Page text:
Determination of Default Market Value - GMSLA Provision

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2010 Global Master Securities Lending Agreement
A Jolly Contrarian owner’s manual

Clause 11.4 in a Nutshell
Use at your own risk, campers!

11.4 Transactions and quotes: If, between the Termination Date and the Default Valuation Time:

(a) Actual sale or purchase: the Non-Defaulting Party has bought or sold securities equivalent to those it owes or is owed by the Defaulting Party it may treat the Default Market Value as the net sale proceeds or aggregate purchase cost of the relevant securities. Were the securities sold or purchased are not in identical in amount to the Equivalent Securities, Non-Defaulting Party may in good faith pro rate those values to determine the necessary Default Market Value.
(b) Market quotes: the Non-Defaulting Party has received offer quotations for securities it is owed by the Defaulting Party; or bid quotations for securities it owes the Defaulting Party from at least two regular participants in the Appropriate Market in what it determines to be a commercially reasonable size, it may treat as the Default Market Value the arithmetic mean of the quoted prices as reasonably adjusted to account for for accrued but unpaid interest and Transaction Costs.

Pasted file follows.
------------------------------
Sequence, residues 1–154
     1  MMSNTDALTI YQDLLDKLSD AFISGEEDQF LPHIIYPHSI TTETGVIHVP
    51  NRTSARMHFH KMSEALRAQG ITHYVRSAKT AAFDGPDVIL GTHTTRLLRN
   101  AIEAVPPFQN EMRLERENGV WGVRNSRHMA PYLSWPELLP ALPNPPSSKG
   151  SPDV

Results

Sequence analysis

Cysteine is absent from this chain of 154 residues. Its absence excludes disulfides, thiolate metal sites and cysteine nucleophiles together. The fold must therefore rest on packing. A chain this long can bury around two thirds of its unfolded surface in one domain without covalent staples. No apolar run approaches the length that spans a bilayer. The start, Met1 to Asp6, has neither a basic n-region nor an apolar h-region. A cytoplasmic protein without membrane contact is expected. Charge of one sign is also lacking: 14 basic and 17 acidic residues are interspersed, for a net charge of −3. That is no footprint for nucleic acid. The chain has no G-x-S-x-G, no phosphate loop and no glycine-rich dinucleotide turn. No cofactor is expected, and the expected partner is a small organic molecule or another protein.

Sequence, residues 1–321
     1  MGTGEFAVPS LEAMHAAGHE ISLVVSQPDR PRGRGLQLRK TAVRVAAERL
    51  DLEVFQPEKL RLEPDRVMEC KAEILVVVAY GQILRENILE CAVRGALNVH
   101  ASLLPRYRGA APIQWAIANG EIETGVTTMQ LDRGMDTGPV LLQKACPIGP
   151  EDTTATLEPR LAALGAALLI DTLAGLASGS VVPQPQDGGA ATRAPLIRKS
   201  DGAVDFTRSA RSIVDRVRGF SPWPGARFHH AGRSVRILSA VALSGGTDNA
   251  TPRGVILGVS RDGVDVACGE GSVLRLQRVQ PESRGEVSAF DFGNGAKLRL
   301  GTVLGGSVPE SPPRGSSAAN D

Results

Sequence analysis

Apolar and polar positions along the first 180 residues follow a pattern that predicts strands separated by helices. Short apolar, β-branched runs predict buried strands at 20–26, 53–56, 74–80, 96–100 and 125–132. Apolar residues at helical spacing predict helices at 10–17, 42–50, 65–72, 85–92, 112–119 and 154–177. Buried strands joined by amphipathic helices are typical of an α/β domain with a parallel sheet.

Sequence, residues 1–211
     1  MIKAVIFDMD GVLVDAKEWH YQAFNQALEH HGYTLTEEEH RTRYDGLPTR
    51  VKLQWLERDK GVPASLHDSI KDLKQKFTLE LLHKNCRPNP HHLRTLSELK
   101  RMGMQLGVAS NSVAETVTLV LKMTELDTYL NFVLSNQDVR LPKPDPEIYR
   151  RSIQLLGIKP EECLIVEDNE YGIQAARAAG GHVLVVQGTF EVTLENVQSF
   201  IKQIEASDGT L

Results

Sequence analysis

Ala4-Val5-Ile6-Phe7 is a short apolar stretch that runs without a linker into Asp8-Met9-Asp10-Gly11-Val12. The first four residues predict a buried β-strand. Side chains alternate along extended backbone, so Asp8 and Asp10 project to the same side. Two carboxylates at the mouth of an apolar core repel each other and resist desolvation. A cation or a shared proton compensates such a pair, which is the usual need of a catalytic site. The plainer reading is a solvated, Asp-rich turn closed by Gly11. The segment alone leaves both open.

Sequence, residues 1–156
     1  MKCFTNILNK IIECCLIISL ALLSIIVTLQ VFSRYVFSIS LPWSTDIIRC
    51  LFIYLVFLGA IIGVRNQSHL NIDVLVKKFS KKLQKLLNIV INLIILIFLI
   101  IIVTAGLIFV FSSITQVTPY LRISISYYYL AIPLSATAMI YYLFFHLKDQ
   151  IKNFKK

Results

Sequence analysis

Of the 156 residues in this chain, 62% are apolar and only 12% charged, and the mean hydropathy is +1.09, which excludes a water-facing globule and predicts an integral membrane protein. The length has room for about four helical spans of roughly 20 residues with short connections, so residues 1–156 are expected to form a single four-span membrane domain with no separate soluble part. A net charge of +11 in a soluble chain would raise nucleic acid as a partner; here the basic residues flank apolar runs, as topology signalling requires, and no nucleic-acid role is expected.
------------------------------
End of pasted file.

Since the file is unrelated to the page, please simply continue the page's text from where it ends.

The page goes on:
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Clause 11.4 in full

11.4 If between the Termination Date and the Default Valuation Time:
11.4(a) the Non Defaulting Party has sold, in the case of Receivable Securities, or purchased, in the case of Deliverable Securities, securities which form part of the same issue and are of an identical type and description as those Equivalent Securities or that Equivalent Collateral, (and regardless as to whether or not such sales or purchases have settled) the Non Defaulting Party may elect to treat as the Default Market Value: